Kev and I have been secretly toiling on this venture every night for months now, and we were thrilled to present a poster and a short sample animation at the APECS Workshop on Antarctic Hydrology & Ice Shelf Stability at Lamont-Doherty Earth Observatory in February. The response and support we’re received so far from the polar community is very heartening.
We’re currently creating an animation about Antarctica’s Pine Island Glacier, a melting, accelerating glacier up to 3 km (~1.8 miles) tall and about 400 km (250 miles) long.
We’re also blogging about our process in more depth.
In personal news, I was pleased to co-present a workshop on effective online science communication at Boston University with Dr. Laura Schifman. We talked about scientists taking control of their science communication by writing effective blog posts for the public and how to harness the power of social media. Thanks to Claudia Mazur for inviting us. We’re now looking for opportunities to take our show on the road!
So, it’s been a rather busy year thus far. There’s still a lot happening in ice news, so I’m providing a list of links below that you may want to check out.
First, the state of our vital sea ice.
Arctic sea ice appears to have reached its annual maximum extent on March 17. This is the second lowest Arctic maximum in the 39-year satellite record. The four lowest maximum extents in the satellite record have all occurred in the past four years.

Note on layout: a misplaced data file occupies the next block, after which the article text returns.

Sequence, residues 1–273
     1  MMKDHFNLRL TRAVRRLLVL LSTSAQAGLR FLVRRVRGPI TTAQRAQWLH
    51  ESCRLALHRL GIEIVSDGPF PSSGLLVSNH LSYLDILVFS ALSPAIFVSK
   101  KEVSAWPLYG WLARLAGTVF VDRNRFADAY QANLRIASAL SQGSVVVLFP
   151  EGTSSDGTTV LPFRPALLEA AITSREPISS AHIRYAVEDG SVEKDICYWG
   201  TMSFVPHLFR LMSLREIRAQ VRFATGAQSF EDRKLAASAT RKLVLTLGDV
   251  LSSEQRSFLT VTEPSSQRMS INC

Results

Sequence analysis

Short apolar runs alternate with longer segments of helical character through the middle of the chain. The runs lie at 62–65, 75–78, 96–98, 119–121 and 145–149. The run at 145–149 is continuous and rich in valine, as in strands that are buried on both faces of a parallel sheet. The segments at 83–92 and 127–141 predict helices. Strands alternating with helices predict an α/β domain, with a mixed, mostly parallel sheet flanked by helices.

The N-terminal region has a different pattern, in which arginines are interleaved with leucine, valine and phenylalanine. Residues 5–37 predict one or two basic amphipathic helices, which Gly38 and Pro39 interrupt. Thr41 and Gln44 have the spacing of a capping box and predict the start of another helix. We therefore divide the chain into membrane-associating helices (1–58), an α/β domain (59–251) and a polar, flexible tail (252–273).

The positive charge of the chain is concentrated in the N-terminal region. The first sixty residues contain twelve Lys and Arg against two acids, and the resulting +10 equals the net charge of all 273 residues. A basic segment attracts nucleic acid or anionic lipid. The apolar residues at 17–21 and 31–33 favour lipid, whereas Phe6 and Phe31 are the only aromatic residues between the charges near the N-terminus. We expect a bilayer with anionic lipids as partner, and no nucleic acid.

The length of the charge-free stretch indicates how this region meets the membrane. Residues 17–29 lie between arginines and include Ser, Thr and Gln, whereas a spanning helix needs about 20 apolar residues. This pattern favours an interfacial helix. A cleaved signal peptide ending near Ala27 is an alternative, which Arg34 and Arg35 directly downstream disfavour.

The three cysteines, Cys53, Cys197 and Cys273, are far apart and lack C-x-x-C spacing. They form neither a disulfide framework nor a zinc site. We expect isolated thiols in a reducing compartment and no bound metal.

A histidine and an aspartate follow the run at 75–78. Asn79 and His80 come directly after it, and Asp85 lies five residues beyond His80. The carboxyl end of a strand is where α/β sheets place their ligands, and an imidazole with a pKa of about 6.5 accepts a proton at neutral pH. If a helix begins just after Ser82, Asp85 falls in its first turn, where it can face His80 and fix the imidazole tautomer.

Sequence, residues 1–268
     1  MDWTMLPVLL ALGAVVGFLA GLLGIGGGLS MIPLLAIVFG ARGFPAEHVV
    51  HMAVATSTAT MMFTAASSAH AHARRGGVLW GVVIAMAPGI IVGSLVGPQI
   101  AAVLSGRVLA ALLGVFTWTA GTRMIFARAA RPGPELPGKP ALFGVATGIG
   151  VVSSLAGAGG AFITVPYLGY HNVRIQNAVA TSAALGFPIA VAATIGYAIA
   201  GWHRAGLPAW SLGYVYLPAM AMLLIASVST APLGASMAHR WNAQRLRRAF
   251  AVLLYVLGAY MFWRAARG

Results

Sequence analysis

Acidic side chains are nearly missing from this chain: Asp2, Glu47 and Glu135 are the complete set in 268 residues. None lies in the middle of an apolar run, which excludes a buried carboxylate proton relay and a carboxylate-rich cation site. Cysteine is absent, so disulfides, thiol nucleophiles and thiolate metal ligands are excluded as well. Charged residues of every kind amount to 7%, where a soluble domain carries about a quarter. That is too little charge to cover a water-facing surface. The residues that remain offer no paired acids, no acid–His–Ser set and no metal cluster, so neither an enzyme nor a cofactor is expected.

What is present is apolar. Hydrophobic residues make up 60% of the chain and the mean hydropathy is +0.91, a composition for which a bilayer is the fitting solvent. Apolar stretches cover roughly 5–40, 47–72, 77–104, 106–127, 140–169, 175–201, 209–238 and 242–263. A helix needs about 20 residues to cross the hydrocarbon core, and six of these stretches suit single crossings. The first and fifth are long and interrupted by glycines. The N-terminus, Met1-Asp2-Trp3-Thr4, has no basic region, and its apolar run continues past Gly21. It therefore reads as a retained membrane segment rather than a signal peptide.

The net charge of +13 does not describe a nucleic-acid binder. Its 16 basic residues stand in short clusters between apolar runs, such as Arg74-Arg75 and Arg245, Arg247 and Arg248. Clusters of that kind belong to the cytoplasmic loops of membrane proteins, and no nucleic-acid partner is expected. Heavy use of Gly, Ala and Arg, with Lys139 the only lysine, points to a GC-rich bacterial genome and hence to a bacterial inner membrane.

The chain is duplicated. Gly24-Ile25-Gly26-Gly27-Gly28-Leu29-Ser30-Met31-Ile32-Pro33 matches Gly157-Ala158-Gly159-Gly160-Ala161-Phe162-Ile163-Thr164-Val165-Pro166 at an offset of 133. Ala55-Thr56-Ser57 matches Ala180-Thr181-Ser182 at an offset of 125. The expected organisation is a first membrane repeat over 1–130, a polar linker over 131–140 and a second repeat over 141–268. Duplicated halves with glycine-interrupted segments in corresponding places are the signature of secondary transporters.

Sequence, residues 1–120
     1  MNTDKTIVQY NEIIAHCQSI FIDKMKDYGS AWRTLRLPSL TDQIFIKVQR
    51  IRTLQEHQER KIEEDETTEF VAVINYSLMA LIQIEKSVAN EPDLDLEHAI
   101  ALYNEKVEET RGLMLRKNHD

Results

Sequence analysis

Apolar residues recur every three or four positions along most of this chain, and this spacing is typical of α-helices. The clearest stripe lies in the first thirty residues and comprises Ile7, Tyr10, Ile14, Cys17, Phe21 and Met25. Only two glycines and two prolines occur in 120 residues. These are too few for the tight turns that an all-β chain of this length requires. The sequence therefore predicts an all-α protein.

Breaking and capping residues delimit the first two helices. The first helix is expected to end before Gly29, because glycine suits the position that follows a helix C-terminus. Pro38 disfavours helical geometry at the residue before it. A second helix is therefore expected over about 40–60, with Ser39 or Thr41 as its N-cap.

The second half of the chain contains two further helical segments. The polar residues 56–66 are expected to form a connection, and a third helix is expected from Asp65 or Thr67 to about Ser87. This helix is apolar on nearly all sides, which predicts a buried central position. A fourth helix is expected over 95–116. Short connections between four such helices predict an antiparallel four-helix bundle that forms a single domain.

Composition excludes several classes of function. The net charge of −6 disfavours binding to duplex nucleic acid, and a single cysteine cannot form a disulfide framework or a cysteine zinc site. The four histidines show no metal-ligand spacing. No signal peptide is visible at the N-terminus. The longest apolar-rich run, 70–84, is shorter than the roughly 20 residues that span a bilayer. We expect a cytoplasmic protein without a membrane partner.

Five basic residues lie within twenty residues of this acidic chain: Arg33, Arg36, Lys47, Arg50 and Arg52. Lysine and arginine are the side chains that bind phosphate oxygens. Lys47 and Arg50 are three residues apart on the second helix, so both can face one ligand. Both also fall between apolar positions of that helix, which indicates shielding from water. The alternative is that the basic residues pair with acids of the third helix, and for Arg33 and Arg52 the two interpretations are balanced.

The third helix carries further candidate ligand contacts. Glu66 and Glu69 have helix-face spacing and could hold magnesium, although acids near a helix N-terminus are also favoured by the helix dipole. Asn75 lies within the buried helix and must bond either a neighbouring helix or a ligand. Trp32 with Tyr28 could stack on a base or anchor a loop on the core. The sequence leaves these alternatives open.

...in the Southern Hemisphere, sea ice reached its minimum extent for the year on February 20 and 21, at 2.18 million square kilometers (842,000 square miles). This year’s minimum extent was the second lowest in the satellite record, 70,000 square kilometers (27,00 square miles) above the record low set on March 3, 2017.
Let’s zoom in a little…
Polar News & Links
- More precise measurements show West Antarctica ice melt accelerating
- New Maps Highlight Antarctica’s Flowing Ice
- Sustained climate warming drives declining marine biological productivity summarized in this Washington Post article.
- NASA Studies an unusual Arctic warming event
- Researchers Drilling Into Antarctica’s Ross Ice Shelf Make A Genuinely Surprising Discovery
- Warmer, saltier polar water could change global ocean currents
- There’s Worrying New Evidence That Arctic Soils Are Releasing Ancient Stored Carbon. Study here.
And just for fun:
What does it sound like when you drop ice down a 90 m (295 feet) borehole in an Antarctic glacier? Prepare to be surprised!